The food of love

Chat It's Fate - - Aphrodisiacs -

Plan­ning a pas­sion­boost­ing menu for Valen­tine’s Day? Then you’re spoilt for choice! So many delicious foods have aphro­disiac prop­er­ties – like these, for starters…

Wa­ter­melon

Big, red and juicy, this fruit contains cit­rulline which helps re­lax and di­late the blood ves­sels. It’s said to have a Vi­a­gra-like ef­fect!

Cel­ery

Eat­ing cel­ery in­creases the pheromone lev­els in a man’s sweat, mak­ing him more ap­peal­ing to women – and not just to you! You’d bet­ter make sure he eats plenty of the stuff with you only!

Gar­lic

Smelly gar­lic – an aphro­disiac? Surely not! But gar­lic contains al­licin which is meant to in­crease blood flow flflow to the sex or­gans. But be aware – you’ll need to eat it for a month to reap the full lust-en­hanc­ing ben­e­fits.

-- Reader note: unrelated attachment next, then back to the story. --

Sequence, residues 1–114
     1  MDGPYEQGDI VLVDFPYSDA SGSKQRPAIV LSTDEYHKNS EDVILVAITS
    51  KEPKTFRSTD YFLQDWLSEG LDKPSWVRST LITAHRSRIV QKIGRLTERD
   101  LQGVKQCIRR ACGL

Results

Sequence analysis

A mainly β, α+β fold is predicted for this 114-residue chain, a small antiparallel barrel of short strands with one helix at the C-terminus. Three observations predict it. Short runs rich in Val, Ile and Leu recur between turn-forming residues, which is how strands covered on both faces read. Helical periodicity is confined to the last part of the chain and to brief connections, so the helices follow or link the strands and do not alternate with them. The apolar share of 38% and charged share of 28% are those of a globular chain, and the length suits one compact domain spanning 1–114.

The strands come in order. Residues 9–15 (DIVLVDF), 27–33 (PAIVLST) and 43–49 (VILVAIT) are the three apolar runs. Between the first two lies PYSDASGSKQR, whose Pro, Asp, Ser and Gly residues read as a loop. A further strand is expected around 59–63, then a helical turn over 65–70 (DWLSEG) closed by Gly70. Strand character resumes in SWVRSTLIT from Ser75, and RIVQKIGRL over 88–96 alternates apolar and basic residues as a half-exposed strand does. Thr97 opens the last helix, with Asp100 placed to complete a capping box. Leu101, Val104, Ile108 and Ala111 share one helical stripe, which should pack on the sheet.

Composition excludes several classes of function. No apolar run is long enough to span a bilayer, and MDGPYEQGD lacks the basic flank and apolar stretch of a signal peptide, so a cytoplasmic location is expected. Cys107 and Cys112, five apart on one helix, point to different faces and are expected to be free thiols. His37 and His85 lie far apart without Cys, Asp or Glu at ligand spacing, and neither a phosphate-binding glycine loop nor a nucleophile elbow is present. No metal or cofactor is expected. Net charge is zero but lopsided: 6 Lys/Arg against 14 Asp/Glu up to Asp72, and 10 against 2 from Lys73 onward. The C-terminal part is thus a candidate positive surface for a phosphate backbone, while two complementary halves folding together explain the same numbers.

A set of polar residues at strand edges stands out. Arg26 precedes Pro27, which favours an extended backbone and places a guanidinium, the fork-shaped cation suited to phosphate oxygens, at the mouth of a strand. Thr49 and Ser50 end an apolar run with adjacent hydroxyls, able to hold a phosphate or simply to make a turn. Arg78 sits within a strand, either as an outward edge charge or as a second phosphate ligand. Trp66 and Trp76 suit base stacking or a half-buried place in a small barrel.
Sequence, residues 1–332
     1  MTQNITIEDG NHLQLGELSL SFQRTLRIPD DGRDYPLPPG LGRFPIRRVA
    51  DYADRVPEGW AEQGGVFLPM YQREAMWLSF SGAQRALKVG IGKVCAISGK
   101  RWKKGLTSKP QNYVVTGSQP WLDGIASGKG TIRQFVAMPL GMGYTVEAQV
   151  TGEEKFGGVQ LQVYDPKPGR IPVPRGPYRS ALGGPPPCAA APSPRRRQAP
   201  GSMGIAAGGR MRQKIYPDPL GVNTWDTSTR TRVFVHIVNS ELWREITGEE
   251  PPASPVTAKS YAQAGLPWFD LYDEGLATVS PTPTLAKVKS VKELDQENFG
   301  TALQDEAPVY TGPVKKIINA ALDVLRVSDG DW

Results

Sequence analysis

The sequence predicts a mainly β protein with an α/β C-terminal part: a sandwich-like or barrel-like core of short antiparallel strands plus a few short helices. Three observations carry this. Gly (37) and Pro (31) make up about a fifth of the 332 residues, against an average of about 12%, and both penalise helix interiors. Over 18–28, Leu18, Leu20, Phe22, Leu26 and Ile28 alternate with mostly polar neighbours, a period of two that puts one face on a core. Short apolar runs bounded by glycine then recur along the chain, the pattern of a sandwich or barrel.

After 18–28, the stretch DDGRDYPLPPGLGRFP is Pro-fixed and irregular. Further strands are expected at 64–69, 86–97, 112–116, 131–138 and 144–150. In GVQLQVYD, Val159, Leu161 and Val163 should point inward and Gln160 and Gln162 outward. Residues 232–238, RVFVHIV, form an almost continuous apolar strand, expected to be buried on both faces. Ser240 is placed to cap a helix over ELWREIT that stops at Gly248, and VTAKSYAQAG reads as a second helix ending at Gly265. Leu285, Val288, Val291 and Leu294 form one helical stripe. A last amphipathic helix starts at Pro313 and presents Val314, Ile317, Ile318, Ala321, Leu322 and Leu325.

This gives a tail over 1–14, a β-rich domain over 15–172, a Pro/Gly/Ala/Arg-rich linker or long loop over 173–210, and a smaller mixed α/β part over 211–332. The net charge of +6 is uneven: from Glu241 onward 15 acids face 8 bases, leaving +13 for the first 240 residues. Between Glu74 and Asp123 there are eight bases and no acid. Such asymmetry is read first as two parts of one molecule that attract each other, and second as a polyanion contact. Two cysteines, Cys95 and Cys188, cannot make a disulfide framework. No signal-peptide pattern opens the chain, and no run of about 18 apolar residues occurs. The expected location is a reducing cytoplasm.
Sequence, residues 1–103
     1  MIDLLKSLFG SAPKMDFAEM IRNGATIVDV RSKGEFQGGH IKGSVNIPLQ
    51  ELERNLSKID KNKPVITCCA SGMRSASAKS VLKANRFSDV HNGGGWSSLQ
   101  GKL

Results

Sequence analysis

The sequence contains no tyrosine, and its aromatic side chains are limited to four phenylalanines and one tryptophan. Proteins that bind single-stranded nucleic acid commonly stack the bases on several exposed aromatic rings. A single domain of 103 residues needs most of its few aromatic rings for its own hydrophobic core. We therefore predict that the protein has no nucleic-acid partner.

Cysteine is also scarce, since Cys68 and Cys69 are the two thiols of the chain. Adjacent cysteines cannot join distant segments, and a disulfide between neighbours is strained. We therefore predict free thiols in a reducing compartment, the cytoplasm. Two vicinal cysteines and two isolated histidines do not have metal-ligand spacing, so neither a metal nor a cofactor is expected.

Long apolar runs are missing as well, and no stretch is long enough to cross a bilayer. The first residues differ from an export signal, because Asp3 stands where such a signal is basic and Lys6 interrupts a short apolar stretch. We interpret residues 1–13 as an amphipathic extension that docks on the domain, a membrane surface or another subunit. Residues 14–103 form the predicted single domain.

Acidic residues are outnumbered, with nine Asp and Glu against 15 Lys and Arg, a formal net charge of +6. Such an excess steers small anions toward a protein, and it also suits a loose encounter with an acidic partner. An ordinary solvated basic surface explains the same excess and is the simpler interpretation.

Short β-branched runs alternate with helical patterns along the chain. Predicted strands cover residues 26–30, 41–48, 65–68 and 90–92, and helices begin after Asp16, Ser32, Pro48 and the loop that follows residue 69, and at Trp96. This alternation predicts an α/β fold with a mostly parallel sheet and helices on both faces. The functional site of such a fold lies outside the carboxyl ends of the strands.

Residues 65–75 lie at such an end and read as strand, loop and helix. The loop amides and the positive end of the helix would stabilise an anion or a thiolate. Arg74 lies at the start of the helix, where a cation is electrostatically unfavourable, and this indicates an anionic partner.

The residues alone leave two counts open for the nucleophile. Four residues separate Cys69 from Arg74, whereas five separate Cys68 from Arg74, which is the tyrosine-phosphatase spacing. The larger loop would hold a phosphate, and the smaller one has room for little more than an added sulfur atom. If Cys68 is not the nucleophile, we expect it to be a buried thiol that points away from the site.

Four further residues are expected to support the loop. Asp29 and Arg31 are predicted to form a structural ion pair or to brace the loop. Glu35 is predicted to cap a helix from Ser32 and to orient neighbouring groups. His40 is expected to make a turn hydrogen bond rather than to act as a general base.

Al­monds

These nuts have long been as­so­ci­ated with fer­til­ity. They’re rich in se­le­nium, zinc and omega three fatty acids, which im­prove blood flow – to all ar­eas of the body, in­clud­ing those down below!

Ba­nanas

Not only are they ob­vi­ous phal­lic sym­bols, but these nu­tri­tious foods are loaded with potas­sium, mag­ne­sium and B vi­ta­mins, which all help with vi­tal­ity and en­ergy – very use­ful in love-mak­ing! In some parts of Cen­tral Amer­ica, it’s traditional to drink the sap of a red ba­nana as an aphro­disiac. Hin­dus be­lieve that ba­nanas are a sym­bol of fer­til­ity. A ba­nana left on a doorstep is said to in­di­cate the forth­com­ing mar­riage of the oc­cu­pants.

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